We all seek exotic in very different ways. And places. And while I enjoy a hike inside a tiger-infested park or brass-monkey walk under Northern Lights just as much as anyone else, my personal favourites, when it comes to emptying my mind and finding photographic solace, come in far more common-garden shapes and locations.
You see, much to my amazement (and embarrassment in hairy-chested travel tog circles), I love the company of people and their work. Not that I allow them to litter my photographs, I have some wildling dignity left in me. But, somehow, the interaction between man and nature, appeals to my photon-grabbing self more than a sunset over a remote glacier. Probably because traveling to a remote glacier at sunset is so much more tiring and far away from the warm reward of apple crumble and carrot cake, after the shoot.
This “into the not-so wild” love of natural beauty embellished (or, at least, not knackered to the ground) by man (no, make that Man), climaxes in many of the areas I love to drag my photographic gear into. Such as the vineyard-covered hillsides of Tain l’Hermitage, for instance. Or, in a totally different style, Perth, WA.
In many ways, Perth doesn’t play fair. Other cities can’t compete. Young and rich, raised by the Indian Ocean, tanned by sunset after sunset and bathed in a delicate golden light. But, mostly, parted by a magnificent river which gives it a huge chunk of its unparalleled beauty and lifestyle.
And the River Swan is what this DS Hotspot post is all about.
For lying down with a book, it makes a great 11-months a year destination. The photograph above was made on an evening during the coldest part of one of the coldest winters in recent Perth history (according to my family, who lives there). This ain’t Minnesota. But the riverside is good for much more than jogging and watching corporate hubris destroy night vision in such a beautiful way. It’s also a stunning photographic playing ground from A to Z.
So let me break it up in chunks, each very walkable and visually distinct. I’ll stick to urban sections of the river with footpaths all along. I’ll also stick to the places I walked during my latest visit, leaving out a huge chunk West of the city, where it flows lazily into the ocean, as well as all the Canning river’s suburban nature paradise, to the South.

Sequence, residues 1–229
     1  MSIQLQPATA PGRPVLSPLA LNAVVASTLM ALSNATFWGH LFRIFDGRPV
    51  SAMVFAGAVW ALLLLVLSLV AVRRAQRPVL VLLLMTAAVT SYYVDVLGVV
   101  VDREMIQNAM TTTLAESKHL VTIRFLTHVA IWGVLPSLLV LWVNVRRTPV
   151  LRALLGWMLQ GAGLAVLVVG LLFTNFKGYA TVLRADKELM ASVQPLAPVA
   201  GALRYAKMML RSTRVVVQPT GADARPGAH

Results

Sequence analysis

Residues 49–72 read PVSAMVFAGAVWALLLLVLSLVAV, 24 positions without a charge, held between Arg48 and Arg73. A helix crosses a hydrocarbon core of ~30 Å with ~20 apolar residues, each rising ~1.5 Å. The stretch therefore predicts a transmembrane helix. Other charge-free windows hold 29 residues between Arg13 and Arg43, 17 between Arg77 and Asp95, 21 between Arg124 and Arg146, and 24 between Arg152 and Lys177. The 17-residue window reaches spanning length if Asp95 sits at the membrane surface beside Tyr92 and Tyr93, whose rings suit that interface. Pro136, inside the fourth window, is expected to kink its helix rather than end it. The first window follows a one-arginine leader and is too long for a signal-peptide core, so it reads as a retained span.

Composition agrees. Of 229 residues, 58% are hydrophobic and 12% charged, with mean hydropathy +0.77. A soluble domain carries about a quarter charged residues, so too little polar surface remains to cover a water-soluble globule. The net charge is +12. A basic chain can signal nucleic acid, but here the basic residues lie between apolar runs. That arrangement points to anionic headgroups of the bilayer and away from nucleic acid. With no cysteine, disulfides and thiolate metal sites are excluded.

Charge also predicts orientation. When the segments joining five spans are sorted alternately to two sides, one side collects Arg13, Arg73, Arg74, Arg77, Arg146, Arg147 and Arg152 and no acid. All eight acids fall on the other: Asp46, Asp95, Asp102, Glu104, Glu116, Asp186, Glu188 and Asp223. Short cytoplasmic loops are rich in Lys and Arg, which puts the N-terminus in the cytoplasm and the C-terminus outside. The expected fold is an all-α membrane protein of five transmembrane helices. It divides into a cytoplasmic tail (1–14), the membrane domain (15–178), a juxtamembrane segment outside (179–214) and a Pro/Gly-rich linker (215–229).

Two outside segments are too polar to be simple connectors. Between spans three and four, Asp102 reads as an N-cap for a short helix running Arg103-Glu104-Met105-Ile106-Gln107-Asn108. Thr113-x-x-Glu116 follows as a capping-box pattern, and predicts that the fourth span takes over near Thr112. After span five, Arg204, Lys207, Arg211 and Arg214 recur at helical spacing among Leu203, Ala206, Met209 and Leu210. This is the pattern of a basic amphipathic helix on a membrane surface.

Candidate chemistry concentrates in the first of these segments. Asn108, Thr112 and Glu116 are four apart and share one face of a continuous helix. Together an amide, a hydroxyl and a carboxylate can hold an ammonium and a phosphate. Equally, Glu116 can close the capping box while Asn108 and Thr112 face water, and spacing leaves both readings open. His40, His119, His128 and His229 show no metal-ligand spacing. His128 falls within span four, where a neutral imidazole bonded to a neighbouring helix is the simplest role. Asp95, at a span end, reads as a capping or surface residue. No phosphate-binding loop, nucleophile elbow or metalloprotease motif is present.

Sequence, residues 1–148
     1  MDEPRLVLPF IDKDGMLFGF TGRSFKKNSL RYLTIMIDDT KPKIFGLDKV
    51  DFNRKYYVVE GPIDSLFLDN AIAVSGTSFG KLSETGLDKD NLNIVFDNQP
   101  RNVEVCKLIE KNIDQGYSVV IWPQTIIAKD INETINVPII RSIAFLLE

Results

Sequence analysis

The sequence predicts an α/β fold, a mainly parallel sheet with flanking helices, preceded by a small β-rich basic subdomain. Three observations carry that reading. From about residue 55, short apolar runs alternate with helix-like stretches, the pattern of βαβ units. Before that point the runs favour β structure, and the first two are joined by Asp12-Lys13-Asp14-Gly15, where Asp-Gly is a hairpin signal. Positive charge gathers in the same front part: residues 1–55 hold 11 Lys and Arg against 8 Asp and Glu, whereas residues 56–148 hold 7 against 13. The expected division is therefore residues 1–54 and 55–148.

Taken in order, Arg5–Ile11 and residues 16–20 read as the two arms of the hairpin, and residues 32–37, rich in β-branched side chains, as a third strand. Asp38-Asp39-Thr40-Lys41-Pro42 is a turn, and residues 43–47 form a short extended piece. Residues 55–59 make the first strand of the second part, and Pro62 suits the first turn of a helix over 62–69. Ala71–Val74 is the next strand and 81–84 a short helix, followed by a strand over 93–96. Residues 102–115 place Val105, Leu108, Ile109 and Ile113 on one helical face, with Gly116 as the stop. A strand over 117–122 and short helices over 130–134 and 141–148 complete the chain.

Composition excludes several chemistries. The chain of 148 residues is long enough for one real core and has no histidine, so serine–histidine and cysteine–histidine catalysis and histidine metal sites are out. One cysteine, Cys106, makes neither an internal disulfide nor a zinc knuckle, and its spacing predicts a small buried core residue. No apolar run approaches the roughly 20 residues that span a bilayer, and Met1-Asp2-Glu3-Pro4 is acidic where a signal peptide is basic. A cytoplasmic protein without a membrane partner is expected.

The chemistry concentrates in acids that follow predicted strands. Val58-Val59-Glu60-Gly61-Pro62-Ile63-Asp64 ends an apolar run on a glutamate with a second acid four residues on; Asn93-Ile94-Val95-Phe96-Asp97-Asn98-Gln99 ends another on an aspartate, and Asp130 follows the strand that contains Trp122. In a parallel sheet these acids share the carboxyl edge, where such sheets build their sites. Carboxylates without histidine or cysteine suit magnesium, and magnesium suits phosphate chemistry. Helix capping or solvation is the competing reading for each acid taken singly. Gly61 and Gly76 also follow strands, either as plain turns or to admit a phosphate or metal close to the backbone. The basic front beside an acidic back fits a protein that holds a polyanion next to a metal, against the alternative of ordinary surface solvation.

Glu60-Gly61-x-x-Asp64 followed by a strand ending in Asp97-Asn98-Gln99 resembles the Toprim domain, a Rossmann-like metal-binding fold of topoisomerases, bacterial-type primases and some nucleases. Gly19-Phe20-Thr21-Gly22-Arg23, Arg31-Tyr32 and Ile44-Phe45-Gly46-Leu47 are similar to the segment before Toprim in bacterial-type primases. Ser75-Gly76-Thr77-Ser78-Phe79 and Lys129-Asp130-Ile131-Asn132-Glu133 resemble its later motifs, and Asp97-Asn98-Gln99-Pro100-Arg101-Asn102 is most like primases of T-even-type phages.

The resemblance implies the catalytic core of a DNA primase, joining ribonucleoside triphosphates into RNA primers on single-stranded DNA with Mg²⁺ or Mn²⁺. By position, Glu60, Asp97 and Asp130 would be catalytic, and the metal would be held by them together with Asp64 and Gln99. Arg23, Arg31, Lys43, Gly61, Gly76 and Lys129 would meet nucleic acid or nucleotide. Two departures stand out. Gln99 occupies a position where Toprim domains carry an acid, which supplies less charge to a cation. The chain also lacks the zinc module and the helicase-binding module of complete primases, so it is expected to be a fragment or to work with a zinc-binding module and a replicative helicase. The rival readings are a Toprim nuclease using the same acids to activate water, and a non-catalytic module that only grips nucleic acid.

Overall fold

It would be a little misleading to call this the wildest part of the riverside hike, because you never once leave the vicinity of built-up areas. But it certainly feels a little more natural here than on other sections of the walk.
This is the land of old trees and fishermen, of wooden bridges and jetties and even of exotic wild birds and billabong-like inlets.
It’s a setting of great semi-natural beauty for some wonderful houses and probably one of the areas I’d most like to live. Places like Garvey Park, Ayres Bushland or Claughton Reserve ensure a lot of greenery is preserved in the otherwise very build-up suburbs of Ascot, Belmont and Bayswater. They also provide numerous jetties and lookouts on the river with views up to the CBD.
Further downstream, the walkways climb a little higher, providing lovely views up and down the river.
Further down still, Pitman Park has a nice marina on offer, as well as an island full of interesting wildlife.
This first part of the walk ends when you reach the new stadium in Burswood. Along the way you’ll find a lot more variety than the few words above can describe, with lovely urban parks and other man-made features that play well with the river rather than spoil its natural good looks.
Here, I’m referring to the area rotating around the WACA, spanning from Victoria Gardens (below) to the CBD. But the Tony di Scerni parthway can take you much further East (all the way back to the starting point) if you fancy the walk and great morning views on the city skyline.
Not much to say about this area. It’s the fastest evolving city center I’ve ever witnessed (though Shanghai probably makes it look like a sleepy backwater) and it’s till unclear to me whether they’re improving the experience for locals or robbing them of riverside enjoyment for the exclusive development of superrich housing.
This is basically the area opposite the CBD. An easy 5 minute crossing via the ferry. And particularly rewarding at sunset or during the dark hours. An interesting 2 mile walk along the river’s edge takes you through parks and along little beaches up to the ferry jetty and past it to the narrows bridge and some of the city’s most exclusive housing. Possibly my fave area in the center. Avian wildlife is abundant and varied in the area.
And the final part of this guided tour starts off on the other side of the narrows bridge (just west of the CBD) passes below Kings Park (which deserves an entry in its own right) and continues to the lovely Matilda Bay marina with its nice coffee shop overlooking the river. It is home to the blue boat-shed which has become one of the most photographed landmarks of the city and it almost impossible to find without a bride tied to it …
So there you have it. Fun for a super long day’s walk or – more likely – fun for 2 or 3 days of exploration. When I return, I’ll walk to the sandbar and report on that. In the mean time, what do you guys think?
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A wonderful set, and not a single one of Kings Park by the look of it. Now head East young man and discover the Yarra in and around Melbourne in Victoria. Me thinks you will enjoy
Thanks, will do 😉 Hopefully, we’ll do the long West to East drive 🙂